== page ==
While about 80 percent of people in the U.S. identify themselves as Christians, just under half of those belong to a local congregation. This is one of the findings of the 2010 U.S. Religion Census released May 1 by the Association of Statisticians of American Religious Bodies. Their decennial study identified 344,894 local congregations with data from 90 percent of them. The census covered religions other than Christian but did not track the growing number of persons, sometimes called the “nones,” who identify their religious affiliation as none and are estimated to represent about 16 percent of the population.
See what is happening around you…engage others in thoughtful discussion about why some groups are growing and others are not.
Mormonism is the fastest-growing group in the United States. They reported two million new adherents in the last decade. Mormonism is moving into more parts of the country than any other religious group. Muslims are the second fastest-growing group, with an increase of one million adherents in 197 new counties, for a total of 2.6 million.
This study also tracked the growth of nondenominational churches, which represent one of the nation’s largest Christian groups, at about 12.2 million adherents. There are 35,000 of these congregations, about the same number as the United Methodist Church, for example. Nondenominational churches are in the top five religious groupings in every state except two, and in nine states they constitute the second largest religious group.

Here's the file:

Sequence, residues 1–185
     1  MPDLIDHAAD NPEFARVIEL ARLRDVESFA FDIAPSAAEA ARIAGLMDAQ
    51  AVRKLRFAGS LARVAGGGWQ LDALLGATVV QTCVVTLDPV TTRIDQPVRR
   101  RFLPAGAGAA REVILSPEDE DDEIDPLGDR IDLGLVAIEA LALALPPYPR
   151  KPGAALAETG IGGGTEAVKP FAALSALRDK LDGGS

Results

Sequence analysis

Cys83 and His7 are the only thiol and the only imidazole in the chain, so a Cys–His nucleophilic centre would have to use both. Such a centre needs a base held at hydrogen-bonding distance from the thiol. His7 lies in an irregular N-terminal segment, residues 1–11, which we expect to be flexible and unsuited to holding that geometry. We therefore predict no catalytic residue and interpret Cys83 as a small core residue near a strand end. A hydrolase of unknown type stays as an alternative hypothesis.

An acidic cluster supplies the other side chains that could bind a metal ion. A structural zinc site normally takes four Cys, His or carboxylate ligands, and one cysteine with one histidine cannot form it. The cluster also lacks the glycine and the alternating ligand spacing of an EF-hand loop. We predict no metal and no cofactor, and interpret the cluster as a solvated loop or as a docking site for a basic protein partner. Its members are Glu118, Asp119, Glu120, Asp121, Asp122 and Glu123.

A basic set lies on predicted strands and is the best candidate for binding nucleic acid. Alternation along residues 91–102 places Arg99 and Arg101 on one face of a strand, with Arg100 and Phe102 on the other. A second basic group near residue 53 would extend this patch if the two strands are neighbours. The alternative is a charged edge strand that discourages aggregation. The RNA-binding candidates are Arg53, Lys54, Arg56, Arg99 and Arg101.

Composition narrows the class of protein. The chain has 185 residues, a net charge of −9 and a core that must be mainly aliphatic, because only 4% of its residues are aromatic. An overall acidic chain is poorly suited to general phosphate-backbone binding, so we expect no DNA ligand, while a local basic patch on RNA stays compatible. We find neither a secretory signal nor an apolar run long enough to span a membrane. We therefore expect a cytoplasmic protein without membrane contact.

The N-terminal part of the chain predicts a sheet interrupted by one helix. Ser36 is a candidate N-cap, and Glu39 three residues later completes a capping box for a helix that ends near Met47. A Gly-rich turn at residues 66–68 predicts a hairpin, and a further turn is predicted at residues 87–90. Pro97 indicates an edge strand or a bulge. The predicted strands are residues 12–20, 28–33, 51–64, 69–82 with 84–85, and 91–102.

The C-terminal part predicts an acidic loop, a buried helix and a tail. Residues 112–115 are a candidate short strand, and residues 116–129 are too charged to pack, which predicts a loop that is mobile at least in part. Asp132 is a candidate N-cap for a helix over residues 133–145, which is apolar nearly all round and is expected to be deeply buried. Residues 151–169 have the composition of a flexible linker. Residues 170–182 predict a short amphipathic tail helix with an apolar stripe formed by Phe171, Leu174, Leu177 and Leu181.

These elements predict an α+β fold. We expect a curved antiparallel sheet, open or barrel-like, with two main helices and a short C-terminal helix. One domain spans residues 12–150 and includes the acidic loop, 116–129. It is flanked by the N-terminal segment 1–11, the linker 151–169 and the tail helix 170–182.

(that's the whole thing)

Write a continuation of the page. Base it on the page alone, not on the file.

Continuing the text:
Catholics, while losing about 5 percent of adherents in past years, nonetheless remain the nation’s largest religious group, at about 59 million. Southern Baptists are second with almost 20 million members found in 50,816 congregations, the largest cohort of churches in the country. Mainline Protestants as a single body represent 22 million members.
Find Changes in Your Locale — and Explore the Implications
The Association of Religion Data Archives (ARDA) web site provides tools that allow you to examine trends in your area. You may examine by zip code, county, state, nation, denomination, and other ways. See what is happening around you, and use the data as an opportunity to engage others in thoughtful discussion about why some groups are growing and others are not. A good ground rule is to ask everyone to stay positive and as objective as possible, with the goal being to identify clues that will help your congregation better fulfill its mission.
Questions you may want to consider as you examine the data include:
- In what ways does your community reflect or vary from the national trends?
- What are the changes going on among religious groups in your region?
- Are there new religious groups in your community?
- If so, how might this change represent an opportunity to reach out to them to foster greater understanding among long-time residents?
- In what ways might new religious communities offer new opportunities for cooperation around community needs?
- If your congregation is not growing as others are, how might you learn from others how to strengthen your ministry?
- Bearing Fruit: Ministry With Real Results by Lovett H. Weems, Jr., and Tom Berlin